Another theme was APhA’s role in pharmacy practice accreditation. The premise here is that: “For any new service to scale, it must be ‘specific, predictable, and measureable.’” To this end, APhA has been working through the Center for Pharmacy Practices Accreditation (CPPA). In addition to creating community pharmacy standards, CPPA is launching or beta-testing programs in areas such as specialty pharmacy and telehealth.

Other efforts centering around pharmacist-provided care include the Joint Commission of Pharmacy Practitioners (JCPP)’s pharmacists’ patient care process, adopted almost two years ago. This process will be a requirement of the Accreditation Council for Pharmacy Education (ACPE) for Pharm.D. programs beginning next year, and is also being incorporated into national and state pharmacy association continuing education programs.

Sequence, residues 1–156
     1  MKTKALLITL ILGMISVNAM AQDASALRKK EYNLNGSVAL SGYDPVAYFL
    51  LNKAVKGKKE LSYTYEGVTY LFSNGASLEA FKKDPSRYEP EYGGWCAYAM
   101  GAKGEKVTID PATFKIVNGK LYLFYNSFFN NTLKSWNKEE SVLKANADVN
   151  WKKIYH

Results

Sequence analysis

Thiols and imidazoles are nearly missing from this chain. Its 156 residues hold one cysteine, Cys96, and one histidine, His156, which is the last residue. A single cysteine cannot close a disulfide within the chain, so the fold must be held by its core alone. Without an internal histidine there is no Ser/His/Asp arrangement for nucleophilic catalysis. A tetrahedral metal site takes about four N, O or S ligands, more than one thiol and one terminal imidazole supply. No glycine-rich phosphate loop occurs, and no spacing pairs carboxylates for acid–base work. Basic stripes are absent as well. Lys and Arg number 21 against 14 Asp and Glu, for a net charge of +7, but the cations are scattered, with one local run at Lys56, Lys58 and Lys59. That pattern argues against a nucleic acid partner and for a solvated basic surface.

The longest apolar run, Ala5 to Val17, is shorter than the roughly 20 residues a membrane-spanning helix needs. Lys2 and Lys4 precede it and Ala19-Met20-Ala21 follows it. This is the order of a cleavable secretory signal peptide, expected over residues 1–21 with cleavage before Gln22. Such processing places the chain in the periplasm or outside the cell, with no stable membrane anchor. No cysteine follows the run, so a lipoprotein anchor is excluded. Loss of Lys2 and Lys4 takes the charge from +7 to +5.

Pharmacists might look at such efforts and think, “Great, more hurdles and more rules we have to follow.” But the better a pharmacy and its pharmacists can position themselves as certified care providers, as specialists in patient care, and as professionals who can tell patients, payers, and the community that care is part of a carefully thought through process in the pharmacy, the better.

It’s then the technology vendors’ role to make sure they understand how to attune their products to the standardized care process and support the specialized care pharmacists provide.

Pharmacy technology has done a great job allowing pharmacists to step away from the pill counting tray, from the phone, and from a range of other easily automated or delegated tasks. But we’ll need to take care that we focus the new pharmacy environment on pharmacist’s interactions with patients. At it’s best, pharmacy technology vendors will take the pharmacist care process and make it as seamless and streamlined an experience for pharmacist and patient as possible.

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